Algae 101

Chapter 1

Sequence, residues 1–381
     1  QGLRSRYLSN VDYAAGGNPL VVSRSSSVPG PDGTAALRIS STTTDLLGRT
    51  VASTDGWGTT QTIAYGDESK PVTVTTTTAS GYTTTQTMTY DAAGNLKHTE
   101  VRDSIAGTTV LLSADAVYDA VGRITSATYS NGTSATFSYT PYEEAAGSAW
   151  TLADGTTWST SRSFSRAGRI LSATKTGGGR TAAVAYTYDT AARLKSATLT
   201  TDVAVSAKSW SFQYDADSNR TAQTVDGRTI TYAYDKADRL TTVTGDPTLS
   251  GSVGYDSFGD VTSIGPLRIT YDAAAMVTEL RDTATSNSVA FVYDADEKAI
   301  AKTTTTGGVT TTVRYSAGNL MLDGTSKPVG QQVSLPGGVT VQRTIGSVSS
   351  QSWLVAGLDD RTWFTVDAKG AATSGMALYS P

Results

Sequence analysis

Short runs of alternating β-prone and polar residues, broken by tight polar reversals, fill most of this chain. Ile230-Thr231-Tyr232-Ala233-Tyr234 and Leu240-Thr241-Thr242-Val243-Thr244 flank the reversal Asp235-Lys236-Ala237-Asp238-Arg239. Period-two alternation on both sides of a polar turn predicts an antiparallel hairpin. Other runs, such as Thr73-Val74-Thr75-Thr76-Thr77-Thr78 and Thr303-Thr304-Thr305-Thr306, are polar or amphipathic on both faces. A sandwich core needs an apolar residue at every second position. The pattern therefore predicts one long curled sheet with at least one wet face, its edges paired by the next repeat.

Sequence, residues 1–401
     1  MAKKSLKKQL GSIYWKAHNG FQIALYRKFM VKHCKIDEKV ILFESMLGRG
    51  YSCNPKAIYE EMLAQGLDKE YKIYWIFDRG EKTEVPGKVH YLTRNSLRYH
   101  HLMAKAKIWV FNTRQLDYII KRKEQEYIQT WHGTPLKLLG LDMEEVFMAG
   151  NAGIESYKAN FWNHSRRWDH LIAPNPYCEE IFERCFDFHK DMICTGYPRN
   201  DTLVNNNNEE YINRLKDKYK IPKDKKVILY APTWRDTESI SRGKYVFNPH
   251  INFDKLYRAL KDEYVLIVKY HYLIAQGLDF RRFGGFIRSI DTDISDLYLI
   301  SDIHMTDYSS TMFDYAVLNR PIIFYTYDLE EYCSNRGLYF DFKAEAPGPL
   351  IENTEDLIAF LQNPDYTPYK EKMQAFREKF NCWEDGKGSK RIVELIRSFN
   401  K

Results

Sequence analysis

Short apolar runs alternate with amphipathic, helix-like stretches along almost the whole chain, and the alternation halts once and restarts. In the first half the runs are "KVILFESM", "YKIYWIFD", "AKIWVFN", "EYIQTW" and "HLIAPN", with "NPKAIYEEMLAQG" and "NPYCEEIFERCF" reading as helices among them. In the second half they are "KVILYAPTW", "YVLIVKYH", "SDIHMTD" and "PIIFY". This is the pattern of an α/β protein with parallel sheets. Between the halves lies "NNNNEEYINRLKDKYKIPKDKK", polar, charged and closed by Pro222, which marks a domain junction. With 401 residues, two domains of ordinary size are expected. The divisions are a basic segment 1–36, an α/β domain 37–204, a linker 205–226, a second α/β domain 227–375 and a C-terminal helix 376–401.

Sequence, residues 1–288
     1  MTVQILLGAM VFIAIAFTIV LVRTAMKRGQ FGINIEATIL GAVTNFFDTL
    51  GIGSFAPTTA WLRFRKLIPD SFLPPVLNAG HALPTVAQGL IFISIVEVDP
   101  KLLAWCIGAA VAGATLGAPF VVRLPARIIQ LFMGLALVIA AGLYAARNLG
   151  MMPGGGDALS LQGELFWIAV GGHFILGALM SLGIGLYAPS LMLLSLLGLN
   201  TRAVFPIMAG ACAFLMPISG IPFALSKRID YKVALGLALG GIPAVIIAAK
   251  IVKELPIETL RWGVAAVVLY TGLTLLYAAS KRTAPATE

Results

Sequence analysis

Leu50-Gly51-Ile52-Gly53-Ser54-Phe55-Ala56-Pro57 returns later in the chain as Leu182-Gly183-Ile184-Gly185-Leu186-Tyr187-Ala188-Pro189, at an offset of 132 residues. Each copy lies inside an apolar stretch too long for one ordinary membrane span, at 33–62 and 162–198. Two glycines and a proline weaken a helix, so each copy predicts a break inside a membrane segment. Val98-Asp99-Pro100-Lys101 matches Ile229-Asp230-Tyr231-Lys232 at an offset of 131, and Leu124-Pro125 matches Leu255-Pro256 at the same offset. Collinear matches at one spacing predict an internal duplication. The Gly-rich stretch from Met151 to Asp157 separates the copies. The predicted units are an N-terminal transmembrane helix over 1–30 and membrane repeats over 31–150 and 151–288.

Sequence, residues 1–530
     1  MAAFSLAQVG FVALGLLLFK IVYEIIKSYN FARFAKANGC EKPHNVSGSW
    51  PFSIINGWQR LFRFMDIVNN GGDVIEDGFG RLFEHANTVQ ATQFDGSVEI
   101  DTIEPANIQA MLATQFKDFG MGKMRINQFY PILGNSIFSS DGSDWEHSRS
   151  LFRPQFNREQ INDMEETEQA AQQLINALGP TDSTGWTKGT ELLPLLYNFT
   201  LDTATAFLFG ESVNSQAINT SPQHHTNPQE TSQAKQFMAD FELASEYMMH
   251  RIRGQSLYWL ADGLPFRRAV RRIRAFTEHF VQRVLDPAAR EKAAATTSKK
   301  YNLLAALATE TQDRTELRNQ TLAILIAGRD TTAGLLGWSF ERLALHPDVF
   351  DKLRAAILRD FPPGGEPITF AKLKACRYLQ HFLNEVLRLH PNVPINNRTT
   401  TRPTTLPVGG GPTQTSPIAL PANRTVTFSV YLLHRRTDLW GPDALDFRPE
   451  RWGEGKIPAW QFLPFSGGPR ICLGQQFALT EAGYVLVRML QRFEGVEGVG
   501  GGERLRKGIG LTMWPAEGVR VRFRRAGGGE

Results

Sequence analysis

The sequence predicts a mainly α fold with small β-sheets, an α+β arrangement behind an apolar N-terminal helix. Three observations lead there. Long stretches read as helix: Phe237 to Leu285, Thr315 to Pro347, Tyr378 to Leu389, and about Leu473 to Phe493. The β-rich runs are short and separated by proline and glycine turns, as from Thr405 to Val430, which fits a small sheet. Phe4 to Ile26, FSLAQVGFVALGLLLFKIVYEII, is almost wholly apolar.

Algae are officially classified as any of various chiefly aquatic, eukaryotic, photosynthetic organisms, ranging in size from single-celled forms to the giant kelp. Algae were once considered to be plants but are now classified separately because they lack true roots, stems, leaves, and embryos. Though often referred to by the Water Feature world in ‘expletive deleted’ terms, algae is truly beneficial. It provides the majority of Oxygen in the water column through photosynthesis and serves as a primary nutrient source for a multitude of other aquatic organisms, including fish. On a global scale, algae, as a whole, produces more atmospheric Oxygen than all of the world’s combined terrestrial plant life. There are over 300,000 identified species of algae (no one knows the exact number) and around 6,000-7,000 species of green algae (again no one know for sure). They all share the same basic requirements – sunlight and nutrients (Nitrates and/or Phosphorus). In confined aquatic environments, overgrowth of algae can present not only an aesthetic problem but also, at times, a toxic problem as well. Dying algae blooms can rapidly exhaust the available Oxygen in the water resulting in mortality of fish and other aquatic organisms. Control is best accomplished proactively by maintaining lower, more acceptable nutrients levels in the water.